Monday, 7 April 2014

Grade 7 teachers miss exam deadline

Pamela Shumba Senior Reporter
CHAOS continues to haunt the Zimbabwe School Examinations Council (Zimsec) electronic registration drive as some schools in Matabeleland region failed to meet Friday’s deadline. The examination body ordered schools two weeks ago to electronically register pupils for the Grade Seven 2014 examinations before end of day on Friday as registration had ceased to be done manually.

When Chronicle visited the Zimsec Bulawayo offices at 5PM on Friday, scores of school heads and teachers were impatiently queuing, waiting for their turn to register their candidates while some had been locked outside the premises before registering.
Some of the teachers were seated within the premises, still struggling to grasp the new registration process.

The school officials were required to bring laptops to the Zimsec offices where registration software would be installed thus allow them to proceed with registration.

Grade 7 teachers miss exam deadline
The process was, however taking long as a number of schools were sharing laptops while other teachers had to first learn how to use laptops.

One of the teachers who had been locked outside the premises said he had been told to come back today.
“I travelled from Inyathi on Wednesday to come and register our Grade Seven candidates. We went through some training and we were told that we would be able to register by Friday,” he said. “The process is too long because most of us are computer illiterate and we are sharing laptops. Today we went into town to print some documents and when we came back the gates were locked. We were told to come back on Monday.”


The teachers complained that the training programme was disorganised.
“We cannot be blamed for failing to register before the deadline because this programme was disorganised. We were only told about this less than two weeks ago yet there are no adequate resources.

“Zimsec does not even have facilities for the training programme. We are being forced to spend the whole day standing trying to understand the whole registration process. We have nothing against the advanced system, but it should be done in a proper manner,” said another teacher from Hwange.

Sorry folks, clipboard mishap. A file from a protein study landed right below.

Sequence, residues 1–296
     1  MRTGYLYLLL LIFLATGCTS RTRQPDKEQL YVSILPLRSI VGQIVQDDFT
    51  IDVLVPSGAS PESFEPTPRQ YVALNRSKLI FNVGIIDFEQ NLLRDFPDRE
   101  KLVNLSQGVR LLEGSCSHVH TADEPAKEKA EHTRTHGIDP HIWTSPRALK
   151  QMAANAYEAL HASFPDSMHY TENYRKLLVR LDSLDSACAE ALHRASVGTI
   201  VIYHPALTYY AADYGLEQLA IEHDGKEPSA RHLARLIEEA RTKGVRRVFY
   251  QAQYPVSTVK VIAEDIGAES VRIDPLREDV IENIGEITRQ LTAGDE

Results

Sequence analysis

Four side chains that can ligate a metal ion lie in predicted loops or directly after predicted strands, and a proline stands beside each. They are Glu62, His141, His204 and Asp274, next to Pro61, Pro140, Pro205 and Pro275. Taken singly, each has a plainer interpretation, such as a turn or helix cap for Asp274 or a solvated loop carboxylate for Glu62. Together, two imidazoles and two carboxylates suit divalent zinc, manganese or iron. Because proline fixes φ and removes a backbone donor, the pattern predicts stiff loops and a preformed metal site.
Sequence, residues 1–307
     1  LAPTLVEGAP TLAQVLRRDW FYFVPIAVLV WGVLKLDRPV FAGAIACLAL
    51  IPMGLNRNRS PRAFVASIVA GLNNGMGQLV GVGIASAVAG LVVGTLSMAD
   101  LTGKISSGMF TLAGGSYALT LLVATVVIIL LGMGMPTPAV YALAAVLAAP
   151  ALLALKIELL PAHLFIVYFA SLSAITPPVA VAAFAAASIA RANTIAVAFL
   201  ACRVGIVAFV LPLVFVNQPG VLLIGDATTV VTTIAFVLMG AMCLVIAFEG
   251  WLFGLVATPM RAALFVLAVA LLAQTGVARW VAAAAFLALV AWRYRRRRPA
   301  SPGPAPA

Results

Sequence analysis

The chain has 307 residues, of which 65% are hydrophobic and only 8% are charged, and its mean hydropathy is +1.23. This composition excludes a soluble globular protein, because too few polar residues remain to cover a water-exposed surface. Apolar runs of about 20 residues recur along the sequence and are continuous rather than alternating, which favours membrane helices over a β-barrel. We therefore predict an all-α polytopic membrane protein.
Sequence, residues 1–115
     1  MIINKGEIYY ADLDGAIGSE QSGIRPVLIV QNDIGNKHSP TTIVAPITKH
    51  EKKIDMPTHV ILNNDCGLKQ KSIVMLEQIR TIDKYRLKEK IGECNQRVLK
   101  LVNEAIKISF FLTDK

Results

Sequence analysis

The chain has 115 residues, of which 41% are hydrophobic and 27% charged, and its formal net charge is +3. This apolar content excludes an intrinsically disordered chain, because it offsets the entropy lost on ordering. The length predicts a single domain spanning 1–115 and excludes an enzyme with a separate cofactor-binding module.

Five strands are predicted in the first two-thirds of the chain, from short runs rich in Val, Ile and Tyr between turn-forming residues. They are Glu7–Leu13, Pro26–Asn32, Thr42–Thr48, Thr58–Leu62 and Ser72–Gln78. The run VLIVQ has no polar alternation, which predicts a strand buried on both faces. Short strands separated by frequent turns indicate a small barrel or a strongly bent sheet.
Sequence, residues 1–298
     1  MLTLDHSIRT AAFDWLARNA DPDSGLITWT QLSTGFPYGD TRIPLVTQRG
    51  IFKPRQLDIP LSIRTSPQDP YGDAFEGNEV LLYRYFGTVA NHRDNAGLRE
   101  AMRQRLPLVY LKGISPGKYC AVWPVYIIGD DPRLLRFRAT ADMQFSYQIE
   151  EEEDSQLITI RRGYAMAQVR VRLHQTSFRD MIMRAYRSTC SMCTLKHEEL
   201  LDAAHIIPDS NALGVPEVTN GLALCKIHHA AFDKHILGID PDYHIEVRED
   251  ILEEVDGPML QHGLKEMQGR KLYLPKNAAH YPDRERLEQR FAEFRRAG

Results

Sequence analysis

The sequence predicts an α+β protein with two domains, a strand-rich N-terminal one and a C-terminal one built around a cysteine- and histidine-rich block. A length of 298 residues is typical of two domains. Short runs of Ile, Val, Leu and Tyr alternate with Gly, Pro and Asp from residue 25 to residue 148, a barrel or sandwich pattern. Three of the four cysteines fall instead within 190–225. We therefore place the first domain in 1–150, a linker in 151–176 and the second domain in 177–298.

It was not clear whether Zimsec had officially extended the deadline.
Zimsec director Esau Nhandara, however, defended the electronic registration process, saying the amount of work involved was such that all centres could register before the deadline.

He said the system, which was more efficient and accurate, would go a long way in cutting costs of processing candidates from school, up to the point when they are furnished with a statement entry.

“This is a new system to be installed at examination centres or areas accessible to examination centres. It captures candidates’ entry details electronically at the centre and at the end of the process a compact disc is produced, which is then sent to Zimsec for processing,” said Nhandara.

“The system is easy to use and will result in cleaner data being collected from centres. Operational costs are reduced as less staff will be required to do the processing.”

Nhandara said electronic registration also reduces possibilities of human error and eliminates the use of imported forms and carbon footprint.

He said the system would soon be available at district education offices and cluster resource centres, where schools can register their candidates.

Last year, Zimsec introduced electronic registration for A-Level candidates in a bid to reduce paperwork.
Before, candidates had to manually fill in their details on registration forms, making the registration process cumbersome.

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